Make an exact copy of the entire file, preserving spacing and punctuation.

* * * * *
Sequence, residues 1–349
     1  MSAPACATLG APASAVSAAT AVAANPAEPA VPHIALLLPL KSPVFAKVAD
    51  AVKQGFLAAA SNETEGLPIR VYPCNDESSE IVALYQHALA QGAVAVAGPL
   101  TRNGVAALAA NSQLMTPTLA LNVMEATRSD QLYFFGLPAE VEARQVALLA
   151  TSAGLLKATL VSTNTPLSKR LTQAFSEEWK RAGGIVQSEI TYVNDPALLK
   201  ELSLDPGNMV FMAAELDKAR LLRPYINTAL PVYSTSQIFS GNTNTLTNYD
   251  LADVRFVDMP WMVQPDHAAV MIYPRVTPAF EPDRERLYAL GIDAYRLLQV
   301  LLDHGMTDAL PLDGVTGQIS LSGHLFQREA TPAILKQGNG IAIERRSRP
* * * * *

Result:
Sequence, residues 1–349
     1  MSAPACATLG APASAVSAAT AVAANPAEPA VPHIALLLPL KSPVFAKVAD
    51  AVKQGFLAAA SNETEGLPIR VYPCNDESSE IVALYQHALA QGAVAVAGPL
   101  TRNGVAALAA NSQLMTPTLA LNVMEATRSD QLYFFGLPAE VEARQVALLA
   151  TSAGLLKATL VSTNTPLSKR LTQAFSEEWK RAGGIVQSEI TYVNDPALLK
   201  ELSLDPGNMV FMAAELDKAR LLRPYINTAL PVYSTSQIFS GNTNTLTNYD
   251  LADVRFVDMP WMVQPDHAAV MIYPRVTPAF EPDRERLYAL GIDAYRLLQV
   301  LLDHGMTDAL PLDGVTGQIS LSGHLFQREA TPAILKQGNG IAIERRSRP